Exercises overview

All over strength is key for remaining injury free. The following exercises look like lower limb specific exercises but are just as important for back, neck and upper limb injuries

Romanian deadlift variant

A great strength exercise for the posterior chain (gluteals, hamstrings). 

Keep the back straight, pivot at your hips until you feel the stretch in the back of your forward leg. Push through the ball of that foot and use that stretch to return you to upright. 3 x 8

Single leg calf raise

It has been suggested that a 7% increase in calf strength can lead to a 4% increase in performance.

Stand on the ball of your foot on a step with your foot half off the step, push up through your big toe as you perform the calf raise. Slowly lower down so your heel drops beneath the step. Aim for 3 x 15.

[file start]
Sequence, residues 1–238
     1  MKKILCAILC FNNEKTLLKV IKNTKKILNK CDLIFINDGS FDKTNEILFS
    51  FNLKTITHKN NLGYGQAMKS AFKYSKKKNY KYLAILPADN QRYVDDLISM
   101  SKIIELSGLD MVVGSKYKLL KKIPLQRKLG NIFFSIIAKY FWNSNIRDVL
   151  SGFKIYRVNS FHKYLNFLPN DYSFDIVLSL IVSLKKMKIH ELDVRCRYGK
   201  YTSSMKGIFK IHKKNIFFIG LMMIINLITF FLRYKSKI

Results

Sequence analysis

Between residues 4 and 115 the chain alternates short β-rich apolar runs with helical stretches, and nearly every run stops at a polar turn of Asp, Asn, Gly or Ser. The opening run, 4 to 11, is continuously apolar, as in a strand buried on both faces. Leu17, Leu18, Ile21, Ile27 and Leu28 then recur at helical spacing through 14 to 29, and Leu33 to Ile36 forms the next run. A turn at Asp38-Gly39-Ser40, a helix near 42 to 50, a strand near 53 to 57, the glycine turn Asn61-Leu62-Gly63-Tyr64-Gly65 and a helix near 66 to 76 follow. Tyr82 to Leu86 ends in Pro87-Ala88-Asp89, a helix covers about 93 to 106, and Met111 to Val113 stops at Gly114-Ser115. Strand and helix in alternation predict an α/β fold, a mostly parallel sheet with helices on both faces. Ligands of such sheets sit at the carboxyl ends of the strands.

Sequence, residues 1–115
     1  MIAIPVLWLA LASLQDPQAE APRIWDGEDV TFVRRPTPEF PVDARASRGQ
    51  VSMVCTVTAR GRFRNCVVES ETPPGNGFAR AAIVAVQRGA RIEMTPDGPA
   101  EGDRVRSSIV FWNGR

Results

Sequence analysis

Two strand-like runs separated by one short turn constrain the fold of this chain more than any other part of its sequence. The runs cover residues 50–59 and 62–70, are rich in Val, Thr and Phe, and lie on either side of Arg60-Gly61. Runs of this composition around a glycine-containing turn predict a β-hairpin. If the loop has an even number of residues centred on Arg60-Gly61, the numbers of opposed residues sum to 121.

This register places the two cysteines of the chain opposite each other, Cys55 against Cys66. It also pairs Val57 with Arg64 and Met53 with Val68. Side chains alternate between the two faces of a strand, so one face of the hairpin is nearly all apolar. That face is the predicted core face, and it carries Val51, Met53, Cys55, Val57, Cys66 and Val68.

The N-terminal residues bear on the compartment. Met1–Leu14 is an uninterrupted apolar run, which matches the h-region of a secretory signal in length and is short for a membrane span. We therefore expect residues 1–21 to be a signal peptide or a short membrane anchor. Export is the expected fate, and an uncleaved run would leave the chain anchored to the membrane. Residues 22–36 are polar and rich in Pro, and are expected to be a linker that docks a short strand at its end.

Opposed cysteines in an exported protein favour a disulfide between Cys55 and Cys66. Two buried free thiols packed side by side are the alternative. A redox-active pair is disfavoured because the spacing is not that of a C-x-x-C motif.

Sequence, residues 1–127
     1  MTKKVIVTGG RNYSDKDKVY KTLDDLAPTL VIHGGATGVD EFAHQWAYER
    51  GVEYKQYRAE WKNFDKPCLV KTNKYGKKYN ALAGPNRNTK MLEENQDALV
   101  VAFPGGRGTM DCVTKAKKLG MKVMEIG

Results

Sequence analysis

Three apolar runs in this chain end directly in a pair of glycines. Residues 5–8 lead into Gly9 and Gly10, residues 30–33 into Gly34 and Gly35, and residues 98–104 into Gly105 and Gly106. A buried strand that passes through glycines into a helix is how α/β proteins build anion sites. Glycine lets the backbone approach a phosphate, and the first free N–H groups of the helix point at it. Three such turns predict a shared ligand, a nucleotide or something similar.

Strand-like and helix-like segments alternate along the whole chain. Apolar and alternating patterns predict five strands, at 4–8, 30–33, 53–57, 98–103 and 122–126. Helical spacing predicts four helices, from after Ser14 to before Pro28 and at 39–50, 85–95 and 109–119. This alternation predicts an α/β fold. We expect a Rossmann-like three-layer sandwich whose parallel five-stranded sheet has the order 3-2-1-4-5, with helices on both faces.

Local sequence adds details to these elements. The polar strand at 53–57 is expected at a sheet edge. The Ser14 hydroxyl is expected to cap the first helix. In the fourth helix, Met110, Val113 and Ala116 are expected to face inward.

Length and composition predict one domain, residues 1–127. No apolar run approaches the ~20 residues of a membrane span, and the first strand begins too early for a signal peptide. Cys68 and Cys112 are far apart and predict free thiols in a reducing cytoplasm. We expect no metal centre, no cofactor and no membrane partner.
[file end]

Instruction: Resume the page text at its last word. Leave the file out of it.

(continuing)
Marathon runners should be able to achieve 25+ in one go

Gluteal bridge

To begin, this exercise can be done on a chair and can be progressed on to a more unstable surface when able. 

Start with your knees bent at 90 degrees. Dig the heels in to keep the ball still. Push up in to a bridge 3 x 10

Hamstring curl

Lift up into an inverse plank position. Tighten up the stomach and curl the ball backwards towards you.

Once you get the hang of that, raise your arms above your chest, pressing your palms together to add instability. 3 x 10

Soleus strengthening

With your back fixed against the wall, go up on to your toes, try to lift up through the big toe. You should feel this working in the lower calf. 3 x 15

Sideways monster walk

With a resistance band round your lower leg, adopt an athletic position and walk sideways trying not to let the resistance in the band drop too much. 3 x 20 steps in each direction.

Disclaimer: The content on this site is for information purposes only and not intended to replace a professional medical assessment. If you are in doubt with an injury get it checked out by a physiotherapist or other suitable qualified healthcare practitioner.